The crisis of unpaid invoices does not stop with the chaebol's main suppliers. Over the years, the promissory notes have become a kind of currency, with the chaebol's big suppliers using them to pay their own subcontractors: supplier A takes the promissory note from a chaebol, then passes it to subcontractor B, who then hopes to collect.

The rickety system worked as long as the chaebol eventually coughed up the cash to pay the holders of the promissory notes. But a corporate bankruptcy like that of Daewoo Motor can rattle the whole supply chain. "This certainly accelerates the knock-on effect and amplifies a liquidity crisis," says Nam Joo Ha, who teaches economics at Seoul's Sogang University.

Moreover, when companies want to raise cash, they often sell the IOUs to banks at a discount to their face value. But the banks have no obligation to keep the promissory notes if they conclude that they are uncollectible. In September, Wooil's Hwang sold $1.8 million worth of Daewoo IOUs to Industrial Bank of Korea at 93.25% of their original value. Under normal circumstances, the bank would have collected the full amount from Daewoo Motor once the notes matured. But after the car company went bankrupt, the bank forced Hwang to buy the notes back.

Such demands could wipe out many small enterprises. Rho Man Sook, a researcher at the Korea Auto Industry Cooperative Assn., says that banks have demanded repayment of an estimated $790 million from Daewoo's main suppliers, giving them until the IOUs mature to pay. "Unless the government comes up with emergency aid," says Rho, "many of the 179 suppliers that are solely dependent on Daewoo will go under by the end of this year."

The fallout from chaebol bankruptcies is hurting various sectors, including cement, machinery, and furniture. But none is harder hit than the construction industry. A total of 112 contractors with combined annual revenues of $22.4 billion, or a third of the total industry, are under debt-rescheduling programs. "Banks are already refusing to buy promissory notes from most of the 112, and many thousands of their subcontractors face threats of failure as well," says Ryu Hyeung Jun, a KFSB manager.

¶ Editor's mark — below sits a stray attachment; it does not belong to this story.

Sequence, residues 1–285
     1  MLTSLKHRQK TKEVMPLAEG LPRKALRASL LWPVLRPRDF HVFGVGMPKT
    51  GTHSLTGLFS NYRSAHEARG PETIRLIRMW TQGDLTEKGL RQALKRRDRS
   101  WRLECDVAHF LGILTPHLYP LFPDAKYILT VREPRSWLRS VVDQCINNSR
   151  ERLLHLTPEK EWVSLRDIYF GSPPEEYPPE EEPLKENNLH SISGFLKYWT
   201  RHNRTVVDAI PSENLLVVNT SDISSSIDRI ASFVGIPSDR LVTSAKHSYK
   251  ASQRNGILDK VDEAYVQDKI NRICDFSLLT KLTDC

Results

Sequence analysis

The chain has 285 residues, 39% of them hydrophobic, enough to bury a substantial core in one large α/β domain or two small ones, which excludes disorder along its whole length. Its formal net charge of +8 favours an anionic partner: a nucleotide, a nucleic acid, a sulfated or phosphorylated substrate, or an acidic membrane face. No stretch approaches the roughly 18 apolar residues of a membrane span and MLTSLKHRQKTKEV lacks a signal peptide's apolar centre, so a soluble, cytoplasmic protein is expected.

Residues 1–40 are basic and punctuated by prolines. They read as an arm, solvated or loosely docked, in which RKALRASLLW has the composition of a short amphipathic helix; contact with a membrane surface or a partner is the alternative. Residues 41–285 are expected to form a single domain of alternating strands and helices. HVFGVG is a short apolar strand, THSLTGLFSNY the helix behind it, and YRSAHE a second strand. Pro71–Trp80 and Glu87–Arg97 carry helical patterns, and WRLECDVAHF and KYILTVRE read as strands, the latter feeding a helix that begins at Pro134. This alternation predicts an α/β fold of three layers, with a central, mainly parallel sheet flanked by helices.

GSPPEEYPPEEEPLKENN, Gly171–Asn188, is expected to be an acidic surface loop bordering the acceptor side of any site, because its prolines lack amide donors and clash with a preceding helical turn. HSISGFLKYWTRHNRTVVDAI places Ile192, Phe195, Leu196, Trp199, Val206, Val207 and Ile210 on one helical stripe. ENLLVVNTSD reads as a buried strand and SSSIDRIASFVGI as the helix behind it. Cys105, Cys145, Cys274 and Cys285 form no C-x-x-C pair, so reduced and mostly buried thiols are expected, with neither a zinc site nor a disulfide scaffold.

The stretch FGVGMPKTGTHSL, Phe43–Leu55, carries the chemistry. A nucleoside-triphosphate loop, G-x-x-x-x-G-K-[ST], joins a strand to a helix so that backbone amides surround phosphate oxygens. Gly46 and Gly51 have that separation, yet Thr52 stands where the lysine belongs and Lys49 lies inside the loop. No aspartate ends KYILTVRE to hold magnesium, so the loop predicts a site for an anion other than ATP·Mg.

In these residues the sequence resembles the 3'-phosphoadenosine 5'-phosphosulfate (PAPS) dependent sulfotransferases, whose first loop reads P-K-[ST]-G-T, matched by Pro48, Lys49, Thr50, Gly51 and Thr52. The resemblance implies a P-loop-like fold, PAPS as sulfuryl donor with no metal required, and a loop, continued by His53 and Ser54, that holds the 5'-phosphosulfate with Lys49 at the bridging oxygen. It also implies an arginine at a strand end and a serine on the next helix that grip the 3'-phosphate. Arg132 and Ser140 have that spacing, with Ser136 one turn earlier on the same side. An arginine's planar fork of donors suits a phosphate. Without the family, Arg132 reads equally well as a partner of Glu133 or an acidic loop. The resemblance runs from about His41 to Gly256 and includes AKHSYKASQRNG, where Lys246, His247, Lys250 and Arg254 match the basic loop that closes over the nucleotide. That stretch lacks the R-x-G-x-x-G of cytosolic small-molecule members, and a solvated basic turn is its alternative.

The government, strapped as it is for revenue, has no choice but to gallop to the rescue. The Kim administration has unveiled plans to replace all promissory notes rendered unpayable with new ones that can be sold to banks at discounted prices. While a government-run fund will guarantee up to $352,000 worth of IOUs for each ailing supplier, that won't be enough, and the banks will bear most of the risk.

TAX BREAKS. In addition, officials are leaning on banks to offer loans to suppliers forced to buy back IOUs the banks want to get rid of. A government fund will guarantee bank loans to suppliers deemed healthy but suffering short-term cash-flow problems. Kim's regime has also earmarked $53 million for direct emergency government loans to distressed suppliers. And with an eye to the future, the government is offering tax breaks to chaebol that agree to settle bills in cash rather than with IOUs.

The threatened small businesses enjoy bipartisan support in the legislature. The opposition is urging the central bank to offer more soft loans at 3% interest to banks willing to keep lending to troubled suppliers. "We will back all legally possible steps to relieve small companies suffering from a short-term cash crisis," says Lee Hahn Koo, an MP from the Grand National Party.

Kill the chaebol, and you kill the small companies that employ millions. It's that simple. Kim's government has to find a way out--now.